Twin sisters undergo a painful and sensual coming-of-age in "ripe."

By Lori Leibovich

Published July 20, 1997 7:00PM (EDT)

sex, violence and their shadowy intersections imbue Mo Ogrodnik's debut feature, "Ripe," with restlessness and a high wince quotient. The latest in a slew of low-budget movies honoring female adolescence ("All Over Me," "Manny and Lo," "Girlstown"), "Ripe" is the story of orphaned fraternal twins whose limitless devotion to each other is challenged once men enter their insular, intimate world. Ogrodnik sculpts each scene with a blunt instrument, honing in on the fury and confusion of adolescence with haunting -- if sometimes uneven -- results.

After escaping from the fiery car wreck that kills their parents, Violet (Monica Keena) and Rosie (Daisy Eagan), stow away in the back of a pick-up truck headed for an Army base. Pete (Gordon Currie), the handsome groundskeeper, agrees to let the girls stay at his ramshackle house and soon becomes Violet's object of desire and Rosie's nemesis.

The script is wildly uneven. Some scenes are impossibly unrealistic -- such as the car crash that miraculously leaves the girls physically and mentally unscathed. Save for the opening scene where their father engages them in a horrifying game of hide and seek, Ogrodnik reveals few clues about the girls' sordid past. Rosie's elegy to her dead father is simple and to the point: "Our dad was a real motherfucker." But is this enough to explain Rosie's violent outbursts and the desperate, near-incestuous love she feels for her sister? Other moments, as when Violet loses her virginity, feel eerie and raw. The camera captures Violet's small body swallowed beneath Pete's muscular frame, and the knotted, confused expression that asks, "Isn't this supposed to feel good?"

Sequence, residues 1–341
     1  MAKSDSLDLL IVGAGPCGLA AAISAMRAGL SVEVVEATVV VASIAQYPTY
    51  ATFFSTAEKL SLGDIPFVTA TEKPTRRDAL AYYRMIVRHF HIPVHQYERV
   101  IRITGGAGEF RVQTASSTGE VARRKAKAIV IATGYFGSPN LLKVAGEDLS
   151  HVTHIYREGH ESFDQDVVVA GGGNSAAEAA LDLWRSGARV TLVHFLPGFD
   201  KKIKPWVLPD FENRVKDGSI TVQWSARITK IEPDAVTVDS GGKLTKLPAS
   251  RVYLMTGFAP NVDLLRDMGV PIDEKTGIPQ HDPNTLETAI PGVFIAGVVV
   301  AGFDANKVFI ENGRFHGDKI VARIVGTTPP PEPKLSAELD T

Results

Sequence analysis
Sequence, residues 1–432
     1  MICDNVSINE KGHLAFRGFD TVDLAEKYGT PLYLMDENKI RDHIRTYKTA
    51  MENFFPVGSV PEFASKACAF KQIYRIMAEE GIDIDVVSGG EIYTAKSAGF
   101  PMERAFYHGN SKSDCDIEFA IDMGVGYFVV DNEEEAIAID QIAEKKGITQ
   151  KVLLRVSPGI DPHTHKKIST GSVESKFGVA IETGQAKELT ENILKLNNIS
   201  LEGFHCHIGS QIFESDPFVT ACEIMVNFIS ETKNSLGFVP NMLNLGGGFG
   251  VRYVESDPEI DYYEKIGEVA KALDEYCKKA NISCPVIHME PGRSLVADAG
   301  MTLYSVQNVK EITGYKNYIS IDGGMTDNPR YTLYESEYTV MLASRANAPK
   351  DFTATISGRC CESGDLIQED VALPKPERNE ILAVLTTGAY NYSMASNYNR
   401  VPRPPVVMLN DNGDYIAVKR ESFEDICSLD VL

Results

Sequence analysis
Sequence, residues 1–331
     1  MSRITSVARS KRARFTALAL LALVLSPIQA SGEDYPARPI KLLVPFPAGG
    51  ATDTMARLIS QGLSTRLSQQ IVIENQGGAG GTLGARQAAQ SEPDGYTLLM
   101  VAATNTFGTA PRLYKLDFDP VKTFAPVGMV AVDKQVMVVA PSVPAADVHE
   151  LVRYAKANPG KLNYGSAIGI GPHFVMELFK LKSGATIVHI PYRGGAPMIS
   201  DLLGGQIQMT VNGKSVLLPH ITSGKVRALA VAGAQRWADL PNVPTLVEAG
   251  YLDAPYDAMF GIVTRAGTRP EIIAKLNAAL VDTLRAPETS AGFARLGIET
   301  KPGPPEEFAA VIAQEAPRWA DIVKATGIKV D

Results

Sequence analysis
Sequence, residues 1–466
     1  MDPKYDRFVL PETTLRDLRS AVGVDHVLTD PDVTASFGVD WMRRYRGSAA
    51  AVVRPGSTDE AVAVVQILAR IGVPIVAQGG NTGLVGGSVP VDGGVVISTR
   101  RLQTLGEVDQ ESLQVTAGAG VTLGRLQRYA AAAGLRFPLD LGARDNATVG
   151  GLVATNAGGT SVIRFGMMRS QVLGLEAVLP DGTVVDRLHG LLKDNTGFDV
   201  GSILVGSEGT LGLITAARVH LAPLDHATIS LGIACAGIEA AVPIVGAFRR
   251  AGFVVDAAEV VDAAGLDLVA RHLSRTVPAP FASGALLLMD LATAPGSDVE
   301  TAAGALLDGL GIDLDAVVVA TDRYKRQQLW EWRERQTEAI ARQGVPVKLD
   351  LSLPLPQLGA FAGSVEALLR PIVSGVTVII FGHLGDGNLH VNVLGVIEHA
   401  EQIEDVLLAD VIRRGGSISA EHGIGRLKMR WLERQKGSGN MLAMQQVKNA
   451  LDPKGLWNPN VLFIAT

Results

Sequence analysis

Ogrodnik presents the girls as archetypes, not individuals. Scruffy and short-haired Rosie, the fearless, gun-loving tomboy, kills small animals with gleeful abandon and dismisses men with a flip of her middle-finger. Violet is the ingenue, attracting male attention with the flirtatious flip of her hair or the flutter of her eyelashes. She is a luminous, fresh young thing, and she knows it.

Ogrodnik manages to both celebrate and exploit the female coming-of-age angle in "Ripe." In one scene, the camera zooms in on Violet masturbating with a pile of pornographic magazines, relishing her body without apology. Even though her sister interrupts her, this is a celebratory moment -- simply because it's there. Ogrodnik flouts Hollywood's discomfort with adolescent female sexuality, demanding that her audience lean in and get used to the idea that young girls are sensuous, deeply sexual beings. Problem is, startling moments like this are intertwined with scenes where the camera lustfully follows after the girls bodies, mimicking the ogling men at the Army base. The twins' budding breasts bounce beneath their skimpy tank tops and their bare, tan legs stretch seductively from their cutoffs in nearly every scene. Can female sexuality be honored and eyeballed at the same time?

Mostly, though, Ogrodnik captures the complexity of the woman/girl. In the film's most arresting moment, Violet is perched on the toilet seat in tears, after Pete has discovered the blood-soiled underwear that she tried to flush away. He leans in close, gently reassuring her that it happens to every woman, then suddenly launches a come-on: "I think you're really beautiful." Soon the pair are locked in a kiss. In one fell swoop, Violet is indoctrinated into the messy, seductive world of womanhood.

Rosie watches from an open window while Pete and Violet have sex for the first time. Furious and betrayed, she disappears into the base, where she witnesses a group of drunken soldiers engaging in a homoerotic group ritual. Not unwillingly, she winds up against a wall, skirt hiked up, having sex with an older man -- just like her sister. When the night is through, the twins lie back to back in their raggedy bed, wide awake, fully changed.

There are no happy endings here -- not even a glimmer of hope. For Violet and Rosie, all of life looks like it might be a brutal, protracted adolescence.


Lori Leibovich

Lori Leibovich is a contributing editor at Salon and the former editor of the Life section.

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